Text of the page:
The EEOC defines harassment as “unwelcome conduct that is based on race, color, religion, sex (including pregnancy), national origin, age (40 or older), disability or genetic information.” To be actionable at law, the harassment needs to be aimed at these protected categories.
However, as an employer, you must be alert to all forms of harassment taking place at your company, regardless of the harasser’s motivation. A workplace bully creates a toxic environment that is detrimental to other employees, company morale and overall productivity. One of your responsibilities as an owner/manager is to ensure that you are providing a healthy work environment free from harassment and intimidation and to address such instances as they arise.
The EEOC describes example of offensive conduct offensive jokes, slurs, epithets or name calling, physical assaults or threats, intimidation, ridicule or mockery, insults or put-downs, offensive objects or pictures, and interference with work performance.” Be particularly alert to emails or text messages with offensive pictures or jokes and locker room talk.
Here are some tips to help employers be proactive in discouraging this type of bullying:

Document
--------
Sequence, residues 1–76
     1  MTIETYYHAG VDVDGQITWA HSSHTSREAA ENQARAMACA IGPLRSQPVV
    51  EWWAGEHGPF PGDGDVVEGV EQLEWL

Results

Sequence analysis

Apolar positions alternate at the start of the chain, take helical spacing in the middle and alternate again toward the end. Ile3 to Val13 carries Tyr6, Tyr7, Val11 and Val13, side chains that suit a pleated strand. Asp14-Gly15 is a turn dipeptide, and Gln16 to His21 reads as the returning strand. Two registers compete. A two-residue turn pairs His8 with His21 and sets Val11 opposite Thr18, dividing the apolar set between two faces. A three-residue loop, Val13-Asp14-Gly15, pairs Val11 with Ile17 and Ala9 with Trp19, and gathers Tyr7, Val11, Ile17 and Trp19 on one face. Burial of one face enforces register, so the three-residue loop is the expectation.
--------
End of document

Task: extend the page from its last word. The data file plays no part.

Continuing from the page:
- Have a clear and unambiguous statement in your employee handbook that makes this type of behavior unacceptable and subject to immediate termination at the employer’s sole discretion.
- Conduct annual workplace trainings/discussions that define the unacceptable behavior by using fact patterns and vignettes to describe same to prompt discussions and awareness.
- Have a clearly defined complaint mechanism for an employee to raise concerns about such behavior in the workplace and seek help from their manager.
- Have an internal standard operating procedure on how to handle a complaint of workplace bullying being raised with the company.
- Take every such complaint seriously as an employee who feels that they are not being protected by the company is likely to escalate the matter.